As far as how much you advertise, it’s truly up to you. Generally, more is better. However, you don’t want to come off like a spammer or someone desperate to get viewers. Instead, advertise a few days ahead of time, as well as the day of your show, so it can serve as a reminder to your audience.
Other important points to remember:
Despite the contrary, hosting on a channel is not a popularity contest (even if you are on a popular channel). It’s all about being entertaining, informational and, most of all, welcoming and friendly. Your biggest reward should be what you get out of it as a host, and whether the audience gained something from you in return. I know personally that it is for me.
Don’t let the pressures of hanging out at other channels influence how you host or what you talk about. Learn from the shows in which you’re a member of the audience, and learn from what they do. Find out what makes their audience tick and see how you can improve on it. That’s how your change and grow every time you do your show—from openings to topics and more.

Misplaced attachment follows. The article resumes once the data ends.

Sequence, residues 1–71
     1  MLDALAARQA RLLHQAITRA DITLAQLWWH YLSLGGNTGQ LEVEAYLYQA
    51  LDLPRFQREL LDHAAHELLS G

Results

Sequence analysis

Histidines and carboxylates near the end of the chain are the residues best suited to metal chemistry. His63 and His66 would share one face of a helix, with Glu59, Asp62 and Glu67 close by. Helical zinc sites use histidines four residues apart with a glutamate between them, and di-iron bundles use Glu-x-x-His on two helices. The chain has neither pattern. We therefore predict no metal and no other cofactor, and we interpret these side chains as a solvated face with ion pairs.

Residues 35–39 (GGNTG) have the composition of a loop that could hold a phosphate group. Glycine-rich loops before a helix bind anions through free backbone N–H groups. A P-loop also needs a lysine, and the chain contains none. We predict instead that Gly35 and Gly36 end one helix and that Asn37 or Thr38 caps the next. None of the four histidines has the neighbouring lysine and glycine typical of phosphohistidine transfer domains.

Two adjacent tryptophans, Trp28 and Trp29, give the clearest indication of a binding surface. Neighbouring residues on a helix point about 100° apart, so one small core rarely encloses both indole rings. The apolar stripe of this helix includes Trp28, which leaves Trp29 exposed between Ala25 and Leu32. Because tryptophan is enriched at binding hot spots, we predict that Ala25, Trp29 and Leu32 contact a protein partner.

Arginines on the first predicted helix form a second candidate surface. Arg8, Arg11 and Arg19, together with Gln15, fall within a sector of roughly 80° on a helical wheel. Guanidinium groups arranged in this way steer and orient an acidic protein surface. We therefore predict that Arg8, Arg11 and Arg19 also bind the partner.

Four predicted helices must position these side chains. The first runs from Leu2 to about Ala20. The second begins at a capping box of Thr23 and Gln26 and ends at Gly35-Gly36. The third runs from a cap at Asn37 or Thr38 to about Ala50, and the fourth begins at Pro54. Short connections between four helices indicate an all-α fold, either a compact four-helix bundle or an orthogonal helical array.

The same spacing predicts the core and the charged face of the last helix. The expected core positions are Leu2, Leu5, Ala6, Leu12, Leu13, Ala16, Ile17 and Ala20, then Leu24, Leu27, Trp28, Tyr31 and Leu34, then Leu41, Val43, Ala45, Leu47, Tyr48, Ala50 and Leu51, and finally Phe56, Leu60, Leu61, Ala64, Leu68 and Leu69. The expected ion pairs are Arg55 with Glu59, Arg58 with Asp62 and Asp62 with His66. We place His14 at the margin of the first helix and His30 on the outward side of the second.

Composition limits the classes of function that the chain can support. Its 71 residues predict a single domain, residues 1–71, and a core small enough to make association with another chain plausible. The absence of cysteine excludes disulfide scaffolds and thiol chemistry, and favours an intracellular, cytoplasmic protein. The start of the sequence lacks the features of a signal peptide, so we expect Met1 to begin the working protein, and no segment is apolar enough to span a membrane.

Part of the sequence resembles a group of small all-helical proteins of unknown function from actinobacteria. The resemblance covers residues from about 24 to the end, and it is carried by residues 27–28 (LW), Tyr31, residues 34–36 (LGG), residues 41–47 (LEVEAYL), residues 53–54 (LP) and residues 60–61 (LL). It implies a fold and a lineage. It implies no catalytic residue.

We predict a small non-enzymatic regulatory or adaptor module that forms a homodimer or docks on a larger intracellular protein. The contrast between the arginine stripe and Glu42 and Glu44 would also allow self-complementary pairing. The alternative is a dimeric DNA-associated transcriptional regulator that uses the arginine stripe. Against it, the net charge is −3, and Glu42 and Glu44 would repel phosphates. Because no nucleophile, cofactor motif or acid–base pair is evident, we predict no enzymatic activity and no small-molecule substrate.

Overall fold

Hosting should not feel like a 9-to-5 job (unless you are actually getting paid or are able to make a career out of hosting). If it does, you might want to find another channel or give yourself a break for a while. There could be times when life gets in the way and you just don’t have the time. That’s OK. Your audience will understand. Hosting shouldn’t be an obligation. At the end of the day, when the camera is turned off, every host has their own life with work, family and other offline commitments. You shouldn’t be any different.
You are one of the many voices out there in the vaping community. It is up to you to be the name and face of vaping in a way that is comfortable to you. Overall, hosting should be fun, and it should be a great tool to teach others about what you know, and to show to world that vapers are respectable people. As long as you don’t let drama get in the way or get too involved in it, you should be OK. Remember: it’s an experience that can you use to help gain new friends, networks, self-esteem and more. Don’t do it because you want to be popular or for attention’s sake. Do it because you feel like you have something to say and because you want to.